You can also learn how to rotoscope an isolated subject in Photoshop after reviewing the devices below!
Best external camera screens
Examining the top models of the year will help you improve and simplify your filmmaking experience.
Atomos Ninja V
- Excellent image quality
- Long-lasting design
- Professional monitoring features
- Support for ProRes and ProRes Raw formats
- Needs additional equipment to function
- An audio recording may be disturbed by a cooling fan.
The industry-leading Atomos Ninja V external monitor and recorder gives your camera’s maximum bit rate and depth, ensuring the highest image quality, as well as the advantage of recording in ProRes Raw format.
It has a 5-inch, 16:9 touch screen with 427 ppi and a brightness of 1000 nits, making it easy to use outside while still keeping a clear, crisp image.
Users have a ton of options for customizing the appearance and feel of the film they shoot, including luma waveform, vectorscope, and focus peaking.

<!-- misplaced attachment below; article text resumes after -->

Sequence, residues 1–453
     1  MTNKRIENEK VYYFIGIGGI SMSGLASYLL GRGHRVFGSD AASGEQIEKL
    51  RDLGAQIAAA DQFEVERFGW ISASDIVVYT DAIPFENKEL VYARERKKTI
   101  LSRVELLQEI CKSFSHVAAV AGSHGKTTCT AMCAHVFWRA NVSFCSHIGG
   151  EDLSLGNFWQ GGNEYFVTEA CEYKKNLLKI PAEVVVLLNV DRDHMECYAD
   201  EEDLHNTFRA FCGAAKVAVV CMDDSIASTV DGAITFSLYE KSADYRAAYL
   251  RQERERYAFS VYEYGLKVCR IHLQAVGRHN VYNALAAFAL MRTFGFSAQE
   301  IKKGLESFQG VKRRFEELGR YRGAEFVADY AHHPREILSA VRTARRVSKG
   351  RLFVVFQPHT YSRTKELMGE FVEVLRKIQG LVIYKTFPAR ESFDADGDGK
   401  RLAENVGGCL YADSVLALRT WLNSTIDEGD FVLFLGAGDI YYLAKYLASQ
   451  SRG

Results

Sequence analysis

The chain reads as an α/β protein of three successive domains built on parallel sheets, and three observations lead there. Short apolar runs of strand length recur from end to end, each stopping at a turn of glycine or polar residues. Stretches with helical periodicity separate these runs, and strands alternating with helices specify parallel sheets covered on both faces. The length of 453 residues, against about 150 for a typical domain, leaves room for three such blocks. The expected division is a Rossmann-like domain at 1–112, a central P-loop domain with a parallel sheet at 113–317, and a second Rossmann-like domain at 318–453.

The Ninja V’s screen can display over 10 stops of dynamic range, and it can record ProRes 4:2:2 raw video. You can use the Ninja V to capture 4K footage at a variety of frame rates.
The Atomos Ninja V external display offers nearly endless codec possibilities, including Avid DNx and H. 265 in addition to ProRes, and outstanding log formats including Arri Log, Clog, and Red Logfilm.
The Atomos Ninja V external monitor and recorder earns our highest rating as a professional-level device that combines a wide range of inputs and outputs with excellent visual quality. Atomos Ninja V is one of the best external camera screens you can find out there.
Blackmagic Design Video Assist 3G